Belmont Club today has, as usual, a pretty keen analysis of global events. This post raises a few new items worthy to consider. In regard to "rumors of mass rallies and political movements shaking the former Soviet Union, the Middle East and even North Korea", Wretchard (the pseudonym by which he is known) discusses his thoughts of a power balance shift and hints at a new era and method of American intervention (something I plan to post about a little later):
These developments are widely presumed to favor the United States; and in the narrow sense that collapsing empires play into the hands of the nation which holds the balance of power, this must be true.....The promotion of democracy is at heart an act of faith in the self-organizing ability of nations; it means getting rid of one dictator without necessarily having another waiting in the wings. It is so counterintuitive to disciples of realpolitik as to resemble madness. Or put more cynically, the promotion of democracy is a gamble only a country with a missile defense system, control of space, homeland defense and a global reach can afford to take. If you have your six-gun drawn, you can overturn the poker table. In retrospect, the real mistake the September 11 planners made was to underestimate how radical the US could be. This does not necessarily mean America will win the hand; but it does indicate how high it is willing to raise the stakes.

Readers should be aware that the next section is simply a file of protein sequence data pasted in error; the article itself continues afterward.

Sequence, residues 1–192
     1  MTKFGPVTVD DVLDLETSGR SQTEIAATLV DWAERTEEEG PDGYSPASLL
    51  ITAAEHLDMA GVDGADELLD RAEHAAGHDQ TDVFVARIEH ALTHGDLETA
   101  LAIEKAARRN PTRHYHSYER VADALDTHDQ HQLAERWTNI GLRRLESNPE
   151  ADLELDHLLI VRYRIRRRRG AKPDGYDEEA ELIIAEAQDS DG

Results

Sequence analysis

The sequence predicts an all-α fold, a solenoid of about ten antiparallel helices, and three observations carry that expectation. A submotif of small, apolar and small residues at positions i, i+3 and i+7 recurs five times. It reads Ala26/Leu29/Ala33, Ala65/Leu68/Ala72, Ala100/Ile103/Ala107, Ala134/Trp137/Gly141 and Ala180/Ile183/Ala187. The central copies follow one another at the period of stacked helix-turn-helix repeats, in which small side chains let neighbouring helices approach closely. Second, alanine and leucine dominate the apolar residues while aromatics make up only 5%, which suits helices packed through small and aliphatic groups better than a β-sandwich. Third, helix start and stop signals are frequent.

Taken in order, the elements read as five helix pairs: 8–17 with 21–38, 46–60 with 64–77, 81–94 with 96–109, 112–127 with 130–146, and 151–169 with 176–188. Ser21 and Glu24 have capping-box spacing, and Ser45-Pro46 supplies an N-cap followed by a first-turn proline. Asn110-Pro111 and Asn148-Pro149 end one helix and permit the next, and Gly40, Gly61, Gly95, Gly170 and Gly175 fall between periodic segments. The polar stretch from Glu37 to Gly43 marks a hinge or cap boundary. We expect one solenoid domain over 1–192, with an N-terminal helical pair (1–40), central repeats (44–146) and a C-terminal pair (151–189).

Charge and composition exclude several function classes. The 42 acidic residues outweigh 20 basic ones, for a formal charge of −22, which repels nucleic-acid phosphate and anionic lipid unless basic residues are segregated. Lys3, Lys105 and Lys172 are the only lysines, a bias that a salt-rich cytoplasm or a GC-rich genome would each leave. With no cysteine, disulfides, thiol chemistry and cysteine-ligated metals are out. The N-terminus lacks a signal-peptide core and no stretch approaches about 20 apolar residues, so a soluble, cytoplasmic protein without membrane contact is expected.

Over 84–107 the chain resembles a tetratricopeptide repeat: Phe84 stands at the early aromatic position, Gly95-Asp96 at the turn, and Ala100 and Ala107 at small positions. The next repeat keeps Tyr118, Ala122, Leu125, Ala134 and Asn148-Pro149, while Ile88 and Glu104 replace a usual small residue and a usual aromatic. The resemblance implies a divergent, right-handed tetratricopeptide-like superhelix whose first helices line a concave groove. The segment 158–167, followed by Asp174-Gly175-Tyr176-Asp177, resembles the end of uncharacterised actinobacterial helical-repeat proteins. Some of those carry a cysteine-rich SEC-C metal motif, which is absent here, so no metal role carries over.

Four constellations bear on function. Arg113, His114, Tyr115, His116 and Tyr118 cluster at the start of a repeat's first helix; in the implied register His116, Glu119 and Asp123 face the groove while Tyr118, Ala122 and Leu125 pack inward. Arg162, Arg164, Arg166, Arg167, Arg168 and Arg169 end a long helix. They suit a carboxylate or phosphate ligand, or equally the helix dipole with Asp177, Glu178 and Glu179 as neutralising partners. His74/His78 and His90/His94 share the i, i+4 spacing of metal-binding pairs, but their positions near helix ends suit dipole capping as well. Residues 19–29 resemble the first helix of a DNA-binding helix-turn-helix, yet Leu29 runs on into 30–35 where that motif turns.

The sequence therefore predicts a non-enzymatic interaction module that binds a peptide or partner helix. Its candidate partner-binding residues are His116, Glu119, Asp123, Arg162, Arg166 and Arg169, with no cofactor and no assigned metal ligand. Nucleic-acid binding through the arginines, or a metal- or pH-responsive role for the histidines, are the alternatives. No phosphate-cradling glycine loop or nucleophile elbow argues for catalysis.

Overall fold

Something else he hints at got me thinking of whether or not the reason people around the world are reacting so quickly and strongly to this new opportunity for reform is not simply because enough time has passed for people to realize that they've been brutalized and marginalized for so long, because after all, those old decrepit dictatorial systems have been around forever and have been fairly stable until relatively recent. But maybe because those old systems are simply outdated and obsolete for these times (many, many factors to consider), something Wretchard terms "the whole postwar system". And that this modern era we live in right now greatly facilitates the exposure of "evidences of dysfunction" of those outdated systems, and that "proof that the Soviet model, Middle Eastern authoritarianism and to a certain extent transnational liberalism have lost their grip" is much more easily seen because of it. And interestingly enough, he does not exclude the United Nations, in its current form at least, from this hypothesis of outdated falling empires. The fact that all of this was forseen and was the foremost part in the calculus of forcibly intervening in Iraq gives me cause to "raise it" and give crazy mad props to the Wolfowitz's that whipped this (formerly) crazy idea up.
Infdl's Sean directed me to the Belmont Club blog about 6 months ago and I have been a regular reader ever since. It's done taught my ass good and propa, and it belongs in everybody's bookmarks. And that be the way 'tis. You dig?